Stomach cancer is the 5th most common cancer in the world, according to the World Cancer Research Fund. This type of cancer typically affects men more than women, people over the age of 50, and is particularly more common in Asia. When diagnosed early, stomach cancer survival becomes more likely.
But what about a later diagnosis?
Stomach cancer survival rate: How does it first develop?
Stomach cancer develops slowly over many years. It usually happens after another condition, such as GERD or long-term gastritis.
Put simply, stomach cancer develops when the stomach’s defense mechanisms are altered. It can also happen when food, medication, or bacteria damage the stomach’s inner lining (mucosa).
These progressive changes and damage to the normal lining of the stomach may eventually progress to cancer.
What are the risk factors for developing stomach cancer?
The risk factors for the development of stomach cancer include the following:
H. pylori Infections
This particular bacteria is commonly seen in patients with gastric ulcers. They thrive in low pH environments, such as that of the stomach.
- Intake of food rich in nitrites and nitrate – This can turn into compounds that can damage the stomach.
- Smoking Tobacco – There is a link between the number of sticks smoked per day to the likelihood of developing stomach cancer.
- Alcohol Consumption – Drinking alcohol over a long period of time can heighten stomach cancer risk.
- Being Overweight or Obese – Associated with the development of cancer in the upper portion of the stomach, known as the cardia.
- Exposure to Chemicals – such as asbestos and inorganic lead compounds.
- Previous stomach surgery – This is partly because the stomach is no longer operating at full capacity, hence its altered mucosal defenses.
- Pernicious Anemia – A condition wherein the stomach cannot produce Intrinsic Factor, which is necessary in the absorption of vitamin B12. Decreased absorption of vitamin B12 alters the body’s ability to make new blood cells, leading to pernicious anemia.
- Hereditary Conditions such as: Hereditary Diffuse Gastric Cancer, Lynch Syndrome and Familial Adenomatous Polyposis (FAP)
It’s important to note that through proper screening and screening of high risk patients, earlier intervention and subsequent treatment can help achieve a better prognosis.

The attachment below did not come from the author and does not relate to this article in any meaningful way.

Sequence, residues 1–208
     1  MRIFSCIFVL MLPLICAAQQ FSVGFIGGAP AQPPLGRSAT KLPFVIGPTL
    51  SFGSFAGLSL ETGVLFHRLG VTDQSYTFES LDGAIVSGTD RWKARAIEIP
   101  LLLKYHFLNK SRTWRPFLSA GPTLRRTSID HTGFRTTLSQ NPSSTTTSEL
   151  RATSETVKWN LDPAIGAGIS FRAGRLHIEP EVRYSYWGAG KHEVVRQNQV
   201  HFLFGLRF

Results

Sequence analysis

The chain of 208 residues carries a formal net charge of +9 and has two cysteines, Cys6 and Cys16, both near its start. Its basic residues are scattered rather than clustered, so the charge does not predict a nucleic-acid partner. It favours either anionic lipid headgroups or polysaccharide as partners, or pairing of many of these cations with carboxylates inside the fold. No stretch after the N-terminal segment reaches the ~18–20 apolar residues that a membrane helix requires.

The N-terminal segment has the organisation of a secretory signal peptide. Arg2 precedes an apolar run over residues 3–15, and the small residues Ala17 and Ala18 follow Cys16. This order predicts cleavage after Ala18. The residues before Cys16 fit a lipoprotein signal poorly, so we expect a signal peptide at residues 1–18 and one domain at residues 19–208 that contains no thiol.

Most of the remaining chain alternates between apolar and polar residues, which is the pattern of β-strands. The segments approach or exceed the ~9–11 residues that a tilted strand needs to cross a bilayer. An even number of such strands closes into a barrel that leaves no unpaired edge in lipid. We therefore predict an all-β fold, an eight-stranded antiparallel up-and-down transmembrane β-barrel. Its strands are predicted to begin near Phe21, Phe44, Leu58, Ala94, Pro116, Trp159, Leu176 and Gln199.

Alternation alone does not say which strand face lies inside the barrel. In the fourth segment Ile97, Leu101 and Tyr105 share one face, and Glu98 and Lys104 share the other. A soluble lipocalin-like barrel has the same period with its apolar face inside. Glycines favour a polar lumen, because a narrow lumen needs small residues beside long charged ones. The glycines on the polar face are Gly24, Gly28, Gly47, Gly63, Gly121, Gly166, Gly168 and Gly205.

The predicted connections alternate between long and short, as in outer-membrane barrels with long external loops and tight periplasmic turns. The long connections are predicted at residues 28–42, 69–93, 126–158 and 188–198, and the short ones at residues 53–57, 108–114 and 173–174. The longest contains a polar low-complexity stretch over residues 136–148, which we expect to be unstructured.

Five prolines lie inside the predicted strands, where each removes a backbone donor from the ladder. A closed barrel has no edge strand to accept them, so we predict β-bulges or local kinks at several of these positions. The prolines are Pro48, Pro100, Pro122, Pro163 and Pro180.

Types of stomach cancer
There are several types of stomach cancer, each with a predisposition to affecting a certain portion of the stomach. The most common types of stomach cancer are the following:
- Adenocarcinoma – The most common stomach cancer (90-95%) that develops from the cells of the gastric mucosa or lining.
- Lymphoma – Arise from immune cells found in the stomach’s walls
- Gastrointestinal Stromal Tumor (GIST) – Uncommon tumors that begin in the cells within the GI Tract, however these may be benign (non-cancerous) or malignant.
- Carcinoid Tumor – Come from the cells that produce hormones within the stomach.
Stages of stomach cancer
Stomach cancer is staged from 0 (carcinoma in situ), then I to IV, the former representing a more isolated cancer while the latter refers to different stages of cancers, with stage IV being used to classify distant metastasis.
Stomach cancer is clinically staged according to the American Joint Committee on Cancer (AJCC) TNM system. This gauges the Tumor size, lymph Node involvement and Metastasis of the cancer.
Pathologic staging is done during surgery, while clinical staging is done prior to surgery or when surgery is not viable, and is based on the physical exam, biopsy, and diagnostic imaging.
Prognosis: Stomach Cancer Stage 3 Survival Rate
When it comes to stomach cancer survival, the prognosis is determined by a 5-year survival rate which is a percentage of people in a treatment group who are alive five years after they were diagnosed and/or treated for their disease.
Patients with stage IA stomach cancer have a 5 year survival rate of 94%, while those with stage IB have a 88% survival rate. The stomach cancer stage 3 survival rate is 18%, although other studies say that it may go up to 25%.
Unfortunately, in most studies conducted, patients with stage IV stomach cancers have no 5 year survival statistics as most patients don’t live to reach 5 years after diagnosis.
Treatment of stomach cancer
Stage I and Stage II stomach cancer can be treated by surgical intervention, this is usually a resection of the stomach, known as a total or subtotal gastrectomy accompanied by a lymph node dissection. Chemoradiation therapy may also precede treatment.
Stage III stomach cancer is treated with surgery and chemoradiation as well, which may be curative, however some patients at this stage may undergo surgery for symptomatic relief.
Stage IV stomach cancer represents cancer that has already spread to distant organs, and is difficult to cure. Chemoradiation therapy may be offered, and palliative surgery for symptomatic relief may be given, however curative treatment is no longer viable.
Stomach cancer in later stages is difficult to treat, and have a poor prognosis in the long run. However, through proper screening of high risk patients, the diagnosis of stomach cancer can be established earlier. Upon detection, early treatment can ensue with a good prognosis.
For patients with stage III stomach cancer, seeking treatment can still be curative and at the very least may help alleviate symptoms and provide comfort and relief.
Hello Health Group does not provide medical advice, diagnosis or treatment.